Documenting APIs (Application Programming Interfaces)

This page was written to aid students in my COM1101 class, Winter 2001. They are using C++. But the ideas here apply equally well to other languages, especially Java. Written by Prof. Futrelle, Northeastern Univ., 2/4/2001.

For those writing API documentation for the first time, I've assembled a few examples and included some links to notes about APIs as well as a few excerpts from the notes.

The primary thing to keep in mind is that an API is written to tell some user of your codeabout your code, someone who wants to use the variables, functions and/or classes you have written in their own code. In writing your API, you usually assume that they will have no need to know the internals of the facilities you're giving them to use, and indeed may not be allowed to know or may not have access to the internals. They may only have access to already compiled code and no source code.

First, a tiny example:


      Class Dog

         Represents an animal.


      public String name

         The animal's name, example: "Goldie".


      void bark(int loudness)

         Produces audio output of one bark, with level from 0 (silence) to 10 (loudest).
         Values < 0 are interpreted as 0 and > 10 are interpreted as 10.

      void rollover(int n)

         Produces animated output of a dog rolling over n times.  
         Values < 1 are interpreted as 1 and > 4 are interpreted as 4.

      int hungry()

         Returns an integer from 0 through 10 indicating how hungry the dog is, 
         with 0 corresponding to no hunger and 10 to ravenous.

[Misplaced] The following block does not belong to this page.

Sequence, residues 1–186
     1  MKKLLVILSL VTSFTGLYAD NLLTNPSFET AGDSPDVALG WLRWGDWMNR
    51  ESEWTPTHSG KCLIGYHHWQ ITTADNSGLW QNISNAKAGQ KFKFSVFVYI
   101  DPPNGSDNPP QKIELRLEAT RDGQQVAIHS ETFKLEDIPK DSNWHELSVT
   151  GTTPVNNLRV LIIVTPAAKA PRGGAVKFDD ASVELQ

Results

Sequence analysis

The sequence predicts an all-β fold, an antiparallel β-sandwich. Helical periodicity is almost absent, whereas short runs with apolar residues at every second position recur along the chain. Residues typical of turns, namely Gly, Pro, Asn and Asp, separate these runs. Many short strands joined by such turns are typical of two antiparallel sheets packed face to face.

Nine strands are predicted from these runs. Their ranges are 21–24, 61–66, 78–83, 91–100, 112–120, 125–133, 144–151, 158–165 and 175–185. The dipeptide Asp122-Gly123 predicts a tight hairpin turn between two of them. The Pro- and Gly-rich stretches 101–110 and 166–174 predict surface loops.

Here are some comments from a piece by Susan Gallagher:

"API documentation is the gateway into the provided code. Its job is to document and explain the ways in which it is possible to make the code do what it's supposed to do. For example, the API documentation for a charting package would need to explain how to pass the data to be charted into the module and how to request that the appropriate chart type be displayed with that specific data plotted. "

And excerpt from a piece by John Darrow who teaches these skills and is writing a book on the subject.

"At bare minimum, you must identify the functions or methods that the programming customer would use. For each, you must identify its name and purpose, provide a description of the information it needs to get its job done (its arguments or parameters), and describe any information it gives back when it has done its job (known as its return type). Much of this information you can get directly from the code, ...."

There are many software tools that can automatically generate API documentation from your source code, especially when you embed the correctly formatted comments in your sources. Here's a list with links from a Python site.

EXTRA CREDIT: If anyone in the class can get DOC++ or a similar tool working for their C++ code and give us information on how to install and use it, that would be great.

And finally, JavaDoc is the most popular documentation tool in use today. Here's a page I prepared for a Java project some of the COM1101 students are working on. It links to my source code examples with specially formatted comments as well as the HTML pages that the are automatically generated by the javadoc tool. The cell phone topic of the project will be pursued in my COM1204 course in the Spring quarter (Object-Oriented Design).